June 13, 2021

Adams takes hits on living arrangements as New York mayoral candidates spar in third debate



Eric Adams attends a rally on June 10, 2021. | Mark Lennihan/AP Photo

NEW YORK — Mayoral candidate Andrew Yang accused frontrunner Eric Adams of secretly living in New Jersey and contender Maya Wiley refused to commit to keeping the police armed during a CBS televised debate Thursday, 12 days before voters head to the polls.

The faceoff opened with questions about Adams’ residency, following a report in POLITICO this week detailing inconsistencies on official documents regarding the Brooklyn borough president’s permanent address and the unusual hours he keeps in his government office at Borough Hall.

“Eric is literally trying to convince New Yorkers where he lives, and that he lives in his basement,” Yang said in his opening, calling Adams “hypocritical” for attacking Yang’s decision to leave Manhattan for his second home in New Paltz during the height of the pandemic last year.

Wiley piled on, saying Adams should come clean about how much money he collects from his tenants. POLITICO previously reported that three years of his tax returns omitted any mention of rental income; Adams said he updated the returns but his team has yet to release them.

Adams has said he lives in the basement unit of his Bedford-Stuyvesant row house, and on Wednesday allowed reporters to inspect his windowless bedroom and cluttered quarters to prove his residency. During the debate, he used the opportunity to tout his humble roots and workaholic approach.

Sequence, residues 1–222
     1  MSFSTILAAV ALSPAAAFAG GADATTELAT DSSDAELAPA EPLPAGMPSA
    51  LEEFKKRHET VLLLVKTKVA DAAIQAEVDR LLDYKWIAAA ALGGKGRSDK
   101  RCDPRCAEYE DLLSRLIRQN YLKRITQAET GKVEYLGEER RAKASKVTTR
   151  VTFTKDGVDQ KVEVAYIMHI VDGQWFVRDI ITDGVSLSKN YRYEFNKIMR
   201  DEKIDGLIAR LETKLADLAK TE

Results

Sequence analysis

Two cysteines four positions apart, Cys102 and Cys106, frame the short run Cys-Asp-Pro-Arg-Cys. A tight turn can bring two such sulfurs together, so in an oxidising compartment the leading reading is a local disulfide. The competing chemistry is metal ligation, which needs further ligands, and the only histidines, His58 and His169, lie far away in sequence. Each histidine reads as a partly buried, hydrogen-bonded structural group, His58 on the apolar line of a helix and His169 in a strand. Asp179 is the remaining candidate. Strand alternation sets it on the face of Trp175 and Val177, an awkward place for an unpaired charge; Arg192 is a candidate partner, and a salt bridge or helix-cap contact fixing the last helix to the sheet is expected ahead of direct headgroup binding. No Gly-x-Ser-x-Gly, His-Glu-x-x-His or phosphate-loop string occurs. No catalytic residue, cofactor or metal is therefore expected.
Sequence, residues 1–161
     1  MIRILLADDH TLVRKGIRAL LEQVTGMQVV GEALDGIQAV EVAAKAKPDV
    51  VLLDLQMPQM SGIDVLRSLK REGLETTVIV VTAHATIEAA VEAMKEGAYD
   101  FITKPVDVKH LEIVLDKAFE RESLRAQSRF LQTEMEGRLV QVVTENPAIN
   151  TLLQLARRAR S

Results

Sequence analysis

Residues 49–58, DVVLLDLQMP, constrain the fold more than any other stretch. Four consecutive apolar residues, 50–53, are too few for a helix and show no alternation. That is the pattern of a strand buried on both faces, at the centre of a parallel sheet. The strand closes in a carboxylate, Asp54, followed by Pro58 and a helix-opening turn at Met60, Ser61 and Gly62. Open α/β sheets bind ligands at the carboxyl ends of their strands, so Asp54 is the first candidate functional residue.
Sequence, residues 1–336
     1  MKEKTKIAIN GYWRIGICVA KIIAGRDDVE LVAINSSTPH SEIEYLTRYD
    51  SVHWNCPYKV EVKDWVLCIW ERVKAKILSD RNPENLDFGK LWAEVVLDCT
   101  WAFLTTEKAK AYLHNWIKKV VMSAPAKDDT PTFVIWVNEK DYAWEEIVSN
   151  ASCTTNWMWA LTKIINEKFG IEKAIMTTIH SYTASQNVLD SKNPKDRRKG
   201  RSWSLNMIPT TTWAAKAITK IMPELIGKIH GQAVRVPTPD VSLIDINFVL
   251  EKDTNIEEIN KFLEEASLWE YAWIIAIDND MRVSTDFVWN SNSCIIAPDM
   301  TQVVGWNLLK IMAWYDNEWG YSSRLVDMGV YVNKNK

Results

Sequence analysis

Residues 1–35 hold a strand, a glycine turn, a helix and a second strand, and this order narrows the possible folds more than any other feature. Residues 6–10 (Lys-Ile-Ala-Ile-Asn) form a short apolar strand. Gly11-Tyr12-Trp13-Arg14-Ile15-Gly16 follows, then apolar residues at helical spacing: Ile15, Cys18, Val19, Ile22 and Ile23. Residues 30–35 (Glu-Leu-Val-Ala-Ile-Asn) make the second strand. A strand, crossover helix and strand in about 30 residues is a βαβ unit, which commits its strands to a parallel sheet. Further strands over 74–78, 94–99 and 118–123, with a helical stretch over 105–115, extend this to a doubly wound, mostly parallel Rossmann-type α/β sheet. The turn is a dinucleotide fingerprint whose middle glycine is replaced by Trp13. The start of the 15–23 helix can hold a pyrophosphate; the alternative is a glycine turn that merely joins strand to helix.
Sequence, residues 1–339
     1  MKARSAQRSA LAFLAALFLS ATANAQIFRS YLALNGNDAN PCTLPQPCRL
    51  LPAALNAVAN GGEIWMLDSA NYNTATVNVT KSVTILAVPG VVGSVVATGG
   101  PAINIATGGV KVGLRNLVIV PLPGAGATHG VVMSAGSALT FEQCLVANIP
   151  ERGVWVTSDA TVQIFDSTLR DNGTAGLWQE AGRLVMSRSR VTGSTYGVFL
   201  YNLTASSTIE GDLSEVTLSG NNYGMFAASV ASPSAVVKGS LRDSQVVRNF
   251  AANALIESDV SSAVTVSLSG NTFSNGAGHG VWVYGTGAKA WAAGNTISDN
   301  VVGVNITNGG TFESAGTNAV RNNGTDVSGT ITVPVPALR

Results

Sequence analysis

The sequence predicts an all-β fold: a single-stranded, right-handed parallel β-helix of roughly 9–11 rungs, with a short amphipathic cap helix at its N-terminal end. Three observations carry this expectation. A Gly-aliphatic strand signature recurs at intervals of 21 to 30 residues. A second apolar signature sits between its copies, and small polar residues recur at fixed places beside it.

Five of the eight leading Democrats were invited to the CBS debate. Shaun Donovan, Ray McGuire and Dianne Morales were not included due to their standing in the polls.

As the hour-long exchange pivoted to public safety — which polling shows is a leading concern for New Yorkers amid a rise in gun violence — one candidate stood apart.

Wiley, an attorney who worked as Mayor Bill de Blasio’s government lawyer for two years before heading his police accountability panel, would not commit to allowing police officers to keep guns.

She began answering the question of whether she would take firearms from officers by saying safety is “job one.” When pressed by moderator Marcia Kramer, Wiley said, “I am not prepared to make that decision in a debate.”

Following the debate, her campaign attempted to clean up her answer: “It’s a ridiculous question; no one is even discussing taking guns away from cops — clearly Maya wouldn’t,” spokesperson Julia Savel said.

The other four candidates — Adams, Yang, former sanitation commissioner Kathryn Garcia and City Comptroller Scott Stringer — agreed cops should be allowed to carry weapons.

“My first act as mayor will be to go to the police and say we need you,” Yang added.

The candidates were in agreement on questions about regulating second-hand smoke from marijuana, changing streets named for slaveholders and not requiring bikes to have license plates.

All but Yang agreed congestion pricing should be enacted immediately — he said he would be open to flexibility on timing.

In one tense exchange, Wiley brought up an audit Stringer recently conducted of Garcia’s time running the city sanitation agency under the guise of camaraderie with the former commissioner and to presumably attack the comptroller for what she considered a nakedly political act. That exchange opened the door to criticisms of Garcia’s efficacy at the helm of the uniformed department, which she has disputed.

And in a bit of levity, the five candidates were asked what they can’t live without.

Stringer said coffee; Wiley expressed devotion to her children and cats; Garcia voiced her desire for a manicure; and Yang answered his wife, Evelyn. Perhaps the most interesting response was delivered by Adams — a bubble bath with rose petals.



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